Determining where your data is stored for purposes of “venue” (where you can bring suit) is a relatively new issue not resolved in current case law. Traditionally, courts have focused on the location of the relevant server. But in this age of the cloud, where there are multiple and redundant servers to enhance access and security, we argue that the place where data is managed and controlled is the locus of the property and proper venue.
Consider the following scenario: You are the president of a company that is headquartered in New York City. The company’s IT function is run out of New York, including all management, software, hardware design, vendor selection, employee access and operations. You receive word that company trade secrets, captured in numerous Word and Excel documents residing on your central computer system, have been misappropriated by an employee in your company’s Chicago office who just resigned to join a competitor. You quickly want sue the offender in federal court for misappropriation of trade secrets and violation of the federal Defend Trade Secrets Act. But where to sue?
The federal venue statute 28 U.S.C. § 1391 (b), offers a plaintiff some choices. Under this statute, venue, meaning the proper court to hear and try your case (in other words where you may file your complaint), is the judicial district where: (1) the defendant resides; or (2) the events took place that gave rise to the claim; or (3) a substantial part of the property that is the subject of the action is situated. The purpose of these statutory restrictions is to protect the defendant against the risk that a plaintiff will select an unfair or inconvenient place for trial. Leroy v. Great W. United Corp., 443 U.S. 173, 184 (1979).
The first two grounds are pretty simple. Find the employee’s address, locate the nearest federal courthouse in the same state, and that’s where you can file. Similarly, if the employee logged onto a local computer terminal in the Chicago office and or sent himself the misappropriated materials from there, then that is where the “events giving rise to the claim arose.” But, that means filing suit in Chicago. Your home turf is New York and your lawyers are in New York. Thus, the company would rather sue in New York.
That brings us to the last basis for venue: “where a substantial part of the property is located” and whether such language allows the company to sue in New York federal court. If the data was maintained on specific hard drives or servers located in a fixed location, say the company’s IT office in New York, then the answer is straightforward. In Argent Funds Group, LLC v. Schutt, No. 3:05CV01456, 2006 WL 2349464, (D. Conn. June 27, 2006), the Court found that Connecticut was an appropriate venue and that it was immaterial that the defendant accessed the plaintiff’s confidential information remotely because the “Connecticut file servers . . . played a central role in the events that gave rise to the claim, and were one of the means by which the defendant allegedly stole the information.” The Court further found that even if a substantial part of the events or omissions giving rise to the claim had not occurred in Connecticut, venue would still be appropriate in Connecticut pursuant to section 1391(b) because a substantial part of property that was the subject of the action was situated on servers in Connecticut. See alsoEMI Corp. v. Opal, No. 1:15 CV 1257, 2015 WL 5782069, at *2 (N.D. Ohio Sept. 29, 2015) (courts have found that where a defendant accesses trade secret information out of state, stored on a computer located in the forum state, venue is proper where the computer servers are located. Citing The Premier Group v. Bolingbroke, No. 15-CV-01469, 2015 WL 4512313 (D.Col. July 27, 2015)). Other cases have turned on where the bad acts occurred. SeeCrayola, LLC v. Robert Buckley, 179 F..Supp.. 3d 473 (E.D. Pa. 2016).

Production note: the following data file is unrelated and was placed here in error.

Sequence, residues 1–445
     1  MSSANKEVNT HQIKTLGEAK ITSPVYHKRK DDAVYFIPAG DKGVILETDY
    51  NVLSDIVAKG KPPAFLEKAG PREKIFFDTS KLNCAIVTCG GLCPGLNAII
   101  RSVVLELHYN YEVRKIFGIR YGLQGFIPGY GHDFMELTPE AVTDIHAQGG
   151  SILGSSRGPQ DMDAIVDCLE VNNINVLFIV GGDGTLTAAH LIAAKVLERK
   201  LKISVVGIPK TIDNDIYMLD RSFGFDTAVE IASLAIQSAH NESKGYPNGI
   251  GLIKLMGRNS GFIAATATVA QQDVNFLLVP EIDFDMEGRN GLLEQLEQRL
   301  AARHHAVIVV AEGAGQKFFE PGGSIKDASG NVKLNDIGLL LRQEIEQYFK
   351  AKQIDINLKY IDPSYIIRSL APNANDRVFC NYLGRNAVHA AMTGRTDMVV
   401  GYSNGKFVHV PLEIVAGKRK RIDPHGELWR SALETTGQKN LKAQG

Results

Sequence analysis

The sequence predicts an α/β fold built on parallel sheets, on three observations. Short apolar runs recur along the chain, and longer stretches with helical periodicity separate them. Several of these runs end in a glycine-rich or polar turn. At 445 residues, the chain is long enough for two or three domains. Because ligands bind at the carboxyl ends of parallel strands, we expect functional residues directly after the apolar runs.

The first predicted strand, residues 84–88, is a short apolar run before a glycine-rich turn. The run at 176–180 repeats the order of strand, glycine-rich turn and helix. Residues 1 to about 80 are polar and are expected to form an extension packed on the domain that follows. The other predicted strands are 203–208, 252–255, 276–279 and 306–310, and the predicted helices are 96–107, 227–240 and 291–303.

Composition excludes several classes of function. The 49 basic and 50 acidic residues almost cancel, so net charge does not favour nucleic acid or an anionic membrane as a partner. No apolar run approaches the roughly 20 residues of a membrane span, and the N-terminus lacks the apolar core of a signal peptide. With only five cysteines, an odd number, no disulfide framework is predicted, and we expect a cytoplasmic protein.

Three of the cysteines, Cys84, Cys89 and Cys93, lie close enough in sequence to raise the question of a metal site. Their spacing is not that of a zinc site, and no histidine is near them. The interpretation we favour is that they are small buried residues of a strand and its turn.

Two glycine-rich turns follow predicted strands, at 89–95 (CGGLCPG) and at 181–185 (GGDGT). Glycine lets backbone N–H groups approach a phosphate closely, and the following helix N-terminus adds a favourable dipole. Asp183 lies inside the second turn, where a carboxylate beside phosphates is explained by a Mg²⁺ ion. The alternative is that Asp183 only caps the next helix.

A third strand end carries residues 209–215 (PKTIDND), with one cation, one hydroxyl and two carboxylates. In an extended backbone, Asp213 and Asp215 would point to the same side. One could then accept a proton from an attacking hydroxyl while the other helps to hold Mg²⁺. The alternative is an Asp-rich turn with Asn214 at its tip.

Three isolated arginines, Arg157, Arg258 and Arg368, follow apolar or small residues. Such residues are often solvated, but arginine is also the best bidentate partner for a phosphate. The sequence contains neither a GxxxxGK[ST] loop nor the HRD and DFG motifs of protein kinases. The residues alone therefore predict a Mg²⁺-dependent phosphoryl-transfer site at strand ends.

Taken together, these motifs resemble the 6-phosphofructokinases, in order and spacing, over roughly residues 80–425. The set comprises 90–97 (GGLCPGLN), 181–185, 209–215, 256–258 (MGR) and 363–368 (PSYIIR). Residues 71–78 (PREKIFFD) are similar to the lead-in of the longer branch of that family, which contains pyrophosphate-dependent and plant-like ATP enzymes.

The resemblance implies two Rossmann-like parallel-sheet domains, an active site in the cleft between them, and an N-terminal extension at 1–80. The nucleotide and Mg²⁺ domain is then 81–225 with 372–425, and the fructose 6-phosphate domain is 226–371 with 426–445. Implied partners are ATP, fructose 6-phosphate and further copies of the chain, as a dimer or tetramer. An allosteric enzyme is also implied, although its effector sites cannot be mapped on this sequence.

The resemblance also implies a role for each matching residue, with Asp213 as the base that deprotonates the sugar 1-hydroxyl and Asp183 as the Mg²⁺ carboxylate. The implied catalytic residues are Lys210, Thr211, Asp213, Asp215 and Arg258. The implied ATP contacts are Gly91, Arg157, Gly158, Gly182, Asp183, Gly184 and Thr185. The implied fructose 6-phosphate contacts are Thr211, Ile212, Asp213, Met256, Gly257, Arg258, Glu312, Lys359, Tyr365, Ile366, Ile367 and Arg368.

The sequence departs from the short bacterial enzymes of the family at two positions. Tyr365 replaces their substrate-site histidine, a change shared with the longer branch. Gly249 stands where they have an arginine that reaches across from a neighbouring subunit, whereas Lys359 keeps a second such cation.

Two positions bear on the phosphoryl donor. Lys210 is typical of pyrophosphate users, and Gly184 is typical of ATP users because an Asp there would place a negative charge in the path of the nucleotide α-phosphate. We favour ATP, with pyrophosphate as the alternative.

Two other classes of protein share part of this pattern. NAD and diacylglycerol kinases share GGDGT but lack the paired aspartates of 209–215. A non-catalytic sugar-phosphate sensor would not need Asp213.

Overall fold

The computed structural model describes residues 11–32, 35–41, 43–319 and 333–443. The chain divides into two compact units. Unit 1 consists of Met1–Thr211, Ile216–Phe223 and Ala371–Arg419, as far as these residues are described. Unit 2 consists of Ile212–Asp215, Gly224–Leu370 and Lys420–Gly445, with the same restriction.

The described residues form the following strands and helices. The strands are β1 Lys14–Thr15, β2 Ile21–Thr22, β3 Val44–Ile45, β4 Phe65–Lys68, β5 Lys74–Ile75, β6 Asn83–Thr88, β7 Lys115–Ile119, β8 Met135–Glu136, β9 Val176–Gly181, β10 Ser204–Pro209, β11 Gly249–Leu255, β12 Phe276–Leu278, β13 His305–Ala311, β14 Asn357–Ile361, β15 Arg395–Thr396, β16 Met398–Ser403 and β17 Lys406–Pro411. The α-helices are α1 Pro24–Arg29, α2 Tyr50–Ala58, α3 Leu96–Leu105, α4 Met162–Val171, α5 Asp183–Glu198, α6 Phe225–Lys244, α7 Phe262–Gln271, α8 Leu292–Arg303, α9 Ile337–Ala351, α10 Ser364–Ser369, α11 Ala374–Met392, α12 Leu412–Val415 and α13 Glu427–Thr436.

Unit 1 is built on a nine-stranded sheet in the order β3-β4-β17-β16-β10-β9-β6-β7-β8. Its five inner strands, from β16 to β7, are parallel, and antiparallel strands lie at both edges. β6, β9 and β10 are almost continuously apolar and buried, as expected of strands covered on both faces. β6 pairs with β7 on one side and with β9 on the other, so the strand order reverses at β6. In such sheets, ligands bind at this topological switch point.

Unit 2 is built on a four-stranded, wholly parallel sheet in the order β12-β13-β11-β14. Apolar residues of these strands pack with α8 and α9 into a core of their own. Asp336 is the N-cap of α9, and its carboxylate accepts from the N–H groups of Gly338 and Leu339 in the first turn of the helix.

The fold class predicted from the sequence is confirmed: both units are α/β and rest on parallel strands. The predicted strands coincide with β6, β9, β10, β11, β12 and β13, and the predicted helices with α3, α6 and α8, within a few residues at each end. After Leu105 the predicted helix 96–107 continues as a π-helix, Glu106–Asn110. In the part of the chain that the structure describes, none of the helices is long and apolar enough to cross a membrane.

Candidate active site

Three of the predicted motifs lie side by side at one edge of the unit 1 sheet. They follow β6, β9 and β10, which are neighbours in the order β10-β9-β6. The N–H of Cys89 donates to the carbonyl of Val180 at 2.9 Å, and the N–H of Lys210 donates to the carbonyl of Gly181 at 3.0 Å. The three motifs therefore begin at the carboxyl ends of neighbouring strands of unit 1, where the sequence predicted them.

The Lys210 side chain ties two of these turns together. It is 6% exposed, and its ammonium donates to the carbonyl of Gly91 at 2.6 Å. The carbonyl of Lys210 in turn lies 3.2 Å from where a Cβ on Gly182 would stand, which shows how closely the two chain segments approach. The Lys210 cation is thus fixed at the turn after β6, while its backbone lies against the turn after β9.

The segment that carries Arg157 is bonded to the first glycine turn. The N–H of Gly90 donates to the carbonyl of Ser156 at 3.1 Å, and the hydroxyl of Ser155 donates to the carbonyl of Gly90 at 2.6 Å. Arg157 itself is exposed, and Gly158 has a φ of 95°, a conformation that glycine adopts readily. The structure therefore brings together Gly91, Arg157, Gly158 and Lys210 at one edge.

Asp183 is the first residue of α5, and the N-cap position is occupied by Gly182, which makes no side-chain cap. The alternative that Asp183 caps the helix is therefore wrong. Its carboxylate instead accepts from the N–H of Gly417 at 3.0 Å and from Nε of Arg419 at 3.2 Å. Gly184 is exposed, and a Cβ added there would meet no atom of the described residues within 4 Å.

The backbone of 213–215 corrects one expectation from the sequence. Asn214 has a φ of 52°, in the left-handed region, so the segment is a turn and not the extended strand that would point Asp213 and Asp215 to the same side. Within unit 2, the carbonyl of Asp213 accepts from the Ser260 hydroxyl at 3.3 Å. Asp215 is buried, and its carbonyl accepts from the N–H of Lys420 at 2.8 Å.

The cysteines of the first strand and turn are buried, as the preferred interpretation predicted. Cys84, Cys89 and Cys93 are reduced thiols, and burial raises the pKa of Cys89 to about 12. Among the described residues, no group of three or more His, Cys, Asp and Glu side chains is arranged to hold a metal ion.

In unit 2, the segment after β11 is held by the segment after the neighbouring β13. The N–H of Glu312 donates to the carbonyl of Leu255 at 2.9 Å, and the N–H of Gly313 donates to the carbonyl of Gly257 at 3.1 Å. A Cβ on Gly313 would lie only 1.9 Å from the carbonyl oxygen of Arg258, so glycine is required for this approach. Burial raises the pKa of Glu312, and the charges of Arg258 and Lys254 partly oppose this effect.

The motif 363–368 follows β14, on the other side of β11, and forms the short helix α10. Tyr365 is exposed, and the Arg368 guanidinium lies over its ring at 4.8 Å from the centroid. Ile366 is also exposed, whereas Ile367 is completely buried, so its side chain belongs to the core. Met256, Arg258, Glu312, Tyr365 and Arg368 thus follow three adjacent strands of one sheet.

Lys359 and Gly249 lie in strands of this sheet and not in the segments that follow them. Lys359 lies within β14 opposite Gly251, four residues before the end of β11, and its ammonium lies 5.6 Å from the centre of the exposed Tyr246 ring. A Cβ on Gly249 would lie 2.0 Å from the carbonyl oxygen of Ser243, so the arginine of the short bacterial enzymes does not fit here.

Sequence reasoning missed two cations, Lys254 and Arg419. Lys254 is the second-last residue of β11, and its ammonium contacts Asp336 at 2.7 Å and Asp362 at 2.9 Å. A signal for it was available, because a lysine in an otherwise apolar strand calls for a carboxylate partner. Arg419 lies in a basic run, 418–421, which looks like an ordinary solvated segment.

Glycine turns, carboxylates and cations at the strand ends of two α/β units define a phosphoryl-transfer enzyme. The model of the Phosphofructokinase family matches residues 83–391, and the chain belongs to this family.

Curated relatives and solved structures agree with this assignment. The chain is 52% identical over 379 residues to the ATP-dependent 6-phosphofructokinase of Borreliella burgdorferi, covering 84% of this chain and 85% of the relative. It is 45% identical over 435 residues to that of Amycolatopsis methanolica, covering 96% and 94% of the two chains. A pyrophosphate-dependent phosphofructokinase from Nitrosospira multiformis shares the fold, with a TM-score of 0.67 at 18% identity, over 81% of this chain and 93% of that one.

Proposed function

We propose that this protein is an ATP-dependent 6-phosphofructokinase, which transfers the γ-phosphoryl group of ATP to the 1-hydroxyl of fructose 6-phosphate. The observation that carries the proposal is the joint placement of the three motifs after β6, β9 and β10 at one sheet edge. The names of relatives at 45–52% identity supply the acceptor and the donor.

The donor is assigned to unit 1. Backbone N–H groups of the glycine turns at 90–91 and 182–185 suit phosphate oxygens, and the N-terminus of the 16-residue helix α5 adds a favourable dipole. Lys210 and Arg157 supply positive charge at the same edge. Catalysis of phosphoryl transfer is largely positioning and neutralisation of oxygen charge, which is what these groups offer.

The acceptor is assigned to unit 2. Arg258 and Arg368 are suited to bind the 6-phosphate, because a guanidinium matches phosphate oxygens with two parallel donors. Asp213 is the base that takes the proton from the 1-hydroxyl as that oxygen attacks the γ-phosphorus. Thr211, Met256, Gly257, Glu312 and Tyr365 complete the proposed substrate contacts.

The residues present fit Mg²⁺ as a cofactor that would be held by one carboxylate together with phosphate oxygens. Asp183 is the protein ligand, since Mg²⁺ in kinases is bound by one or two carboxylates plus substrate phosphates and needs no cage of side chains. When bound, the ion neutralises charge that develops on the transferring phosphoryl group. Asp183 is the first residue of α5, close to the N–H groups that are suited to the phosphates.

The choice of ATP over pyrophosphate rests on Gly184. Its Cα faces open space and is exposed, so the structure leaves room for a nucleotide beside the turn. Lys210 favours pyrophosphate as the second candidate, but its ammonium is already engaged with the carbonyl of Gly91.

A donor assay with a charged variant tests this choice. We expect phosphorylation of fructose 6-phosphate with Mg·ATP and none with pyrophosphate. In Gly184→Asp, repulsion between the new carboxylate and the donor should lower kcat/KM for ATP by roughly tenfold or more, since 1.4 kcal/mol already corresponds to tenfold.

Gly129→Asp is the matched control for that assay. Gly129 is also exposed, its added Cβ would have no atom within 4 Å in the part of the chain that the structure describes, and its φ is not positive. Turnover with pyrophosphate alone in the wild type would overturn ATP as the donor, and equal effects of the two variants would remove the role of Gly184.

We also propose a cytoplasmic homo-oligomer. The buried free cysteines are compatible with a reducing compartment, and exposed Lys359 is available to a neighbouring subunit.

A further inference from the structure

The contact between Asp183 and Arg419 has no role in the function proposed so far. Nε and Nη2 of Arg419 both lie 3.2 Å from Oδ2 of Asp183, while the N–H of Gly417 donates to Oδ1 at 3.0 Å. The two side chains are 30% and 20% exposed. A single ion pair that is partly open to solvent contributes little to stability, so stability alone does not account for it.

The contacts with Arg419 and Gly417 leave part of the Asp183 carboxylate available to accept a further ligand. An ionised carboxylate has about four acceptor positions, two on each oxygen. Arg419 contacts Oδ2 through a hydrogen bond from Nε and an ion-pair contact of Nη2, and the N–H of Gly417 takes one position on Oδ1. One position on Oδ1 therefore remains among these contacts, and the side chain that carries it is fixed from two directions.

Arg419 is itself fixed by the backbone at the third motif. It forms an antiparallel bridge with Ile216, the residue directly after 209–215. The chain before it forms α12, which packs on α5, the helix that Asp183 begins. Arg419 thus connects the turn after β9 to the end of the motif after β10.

But what If the “property” is stored in the cloud and your host has server farms located in multiple locations for security and your data is spread out across the country. Most of the current crop of data/venue cases are pre-cloud or don’t address the issue. Moreover, the drafters of the venue rules likely never heard of cloud storage, for that technology did not exist in operative form in 1976 when the “location of the property” rule was enacted. Thus, Courts have to date, focused on server location because (1) that was the current technology and (2) because they are tangible, fixed, identifiable items that are physically present in the jurisdiction in which the case is to be tried.
In cases where data is stored in the cloud and decentralized, the management and control situs is a rational test that can give effect to the spirit of the “property location” portion of the venue statue. It satisfies the element that the judicial district is a fair and appropriate location to hear the suit because it is likely where the relevant documents and witnesses will be, where control over the data is exercised (for example to save, categorize, print, or delete), as well as the location of the decision makers who determine what is and what is not a confidential trade secret and why. Thus, it may be an even more appropriate location for a trial then simply a remote location in which an employee has accessed a “dummy” terminal to effectuate the misappropriation. Moreover, as one court has recognized in dicta: “Given cloud storage and the ubiquity of internet use,” the venue rules, “would offer little protection for defendants if they could be hauled into any district where their data passes through or is remotely stored.” Crayola, 179 F. Supp. 3d at 479. The management and control test precludes this result while maintaining the purpose of the rule, to permit venue where relevant IT control, documents, and witnesses reside.